Air Time for Candidates

Air Time for Candidates

E-mail debates of newsworthy topics.
Oct. 9 1997 3:30 AM

Air Time for Candidates

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Dear Barbara,

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       Let me address your specific points, and then end on a broader note, discussing why some form of free air time is a linchpin of any campaign-finance reform that would improve campaign discourse for citizens and create opportunities for challengers to get their messages across in competitive races.
       First the specifics. I was not surprised to see you trash the survey I cited on local television news coverage of the 1996 congressional elections; nor was I surprised that you failed to cite countersurveys demonstrating the sterling, solid, and comprehensive coverage local television stations provided of House and Senate races; surveys showing that they stepped up to the plate in their newscasts, eschewing coverage of gore and gossip, to provide the kind of information voters need and deserve. Oh, for the day when we will be awash in credible surveys with those kinds of findings!
       As for the survey I used: It might surprise you that I agree with you; good methodology suggests you don't do only one survey. So the Rocky Mountain Media Watch, having done their initial survey of local TV coverage of political races on the night of Sept. 11, 1996, on 52 stations in 32 cities, repeated the exercise on the night of Oct. 2, 1996, on 72 stations in 41 cities. Despite the fact that Election Day was even closer--this was the heart of the campaign--the political coverage was even more scant. The Oct. 2 survey found that of those 72 local newscasts, only 10 had stories about senatorial or congressional races, and only nine had stories about state or municipal races.
       But there was something else that appeared in great abundance on those 72 local newscasts--123 paid-political commercials, of which 53 were for the U.S. Senate or House of Representatives, 43 were for the presidency, 14 were for governor or other state contests, eight were for ballot initiatives, and five were general election information. You suggest that lack of competitive races was a major reason for the lack of news coverage--that will come as a surprise to the advertising salesmen at those stations! For a congressional candidate who couldn't afford to buy many of those paid political commercials, was there any hope that local news coverage would provide an opportunity for his or her campaign to get public attention or contribute to a give-and-take with the opponent? As my grandfather might have said, fugeddaboutit!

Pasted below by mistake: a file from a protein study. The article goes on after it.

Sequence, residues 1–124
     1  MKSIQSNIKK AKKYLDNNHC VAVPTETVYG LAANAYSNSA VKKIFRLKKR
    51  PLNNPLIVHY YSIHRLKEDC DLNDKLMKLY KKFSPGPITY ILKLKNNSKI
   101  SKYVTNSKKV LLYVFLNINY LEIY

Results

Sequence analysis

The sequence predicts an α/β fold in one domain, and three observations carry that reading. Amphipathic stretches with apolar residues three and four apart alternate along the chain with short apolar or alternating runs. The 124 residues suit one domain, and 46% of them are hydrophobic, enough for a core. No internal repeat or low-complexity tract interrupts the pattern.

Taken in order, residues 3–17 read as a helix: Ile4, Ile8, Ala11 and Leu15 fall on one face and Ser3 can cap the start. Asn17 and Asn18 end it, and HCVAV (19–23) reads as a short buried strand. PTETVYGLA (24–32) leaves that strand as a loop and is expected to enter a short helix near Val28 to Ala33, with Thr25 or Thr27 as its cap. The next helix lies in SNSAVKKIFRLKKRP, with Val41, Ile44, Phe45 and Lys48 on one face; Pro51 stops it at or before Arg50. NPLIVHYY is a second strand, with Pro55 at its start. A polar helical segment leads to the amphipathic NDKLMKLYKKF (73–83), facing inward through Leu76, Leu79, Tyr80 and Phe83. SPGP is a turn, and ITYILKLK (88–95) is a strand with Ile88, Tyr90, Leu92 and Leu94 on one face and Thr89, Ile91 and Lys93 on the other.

Was that an unrepresentative night? From April 1 through election day in 1996, 752,891 political ads aired on TV stations in the nation's top 75 markets, at an estimated cost of $400 million (up from the $25 million that was spent on television in 1972). Meanwhile, network news coverage of the presidential race was down by about 50 percent from 1992, and coverage of state and local politics was as meager as always.
       We are the only nation in the world that organizes its political campaigns this way--we force candidates to raise huge sums of money to buy their way onto the airwaves to communicate with a public that has grown sullen and disinterested. The public feels this way partially because the political money-chase has become so tawdry, and partially because the public's news sources tell them in many ways, through omission and commission, that there is no reason to pay attention. Free air time, you correctly observe, will not eliminate this problem. But it will alleviate it.
       Now let's turn to your survey data. You cite some data purporting to show that the public is not especially interested in unmediated candidate free air time, preferring debates and newscasts. As I mentioned in my last letter to you, I think debates are great (although voters' assessment of the value of presidential debates declined precipitously from 1992 to 1996.) And I wish voters got more good information from extensive and solid coverage of campaigns. But the Pew Research Center tells us that only 29 percent of voters gave the press an A or a B for its performance in Campaign '96 (even pollsters did better!). They gave the press an overall grade of C. We also know that, as of March of this year, only 37 percent of Americans believed that news organizations get the facts straight, compared to 56 percent who say the stories are often inaccurate.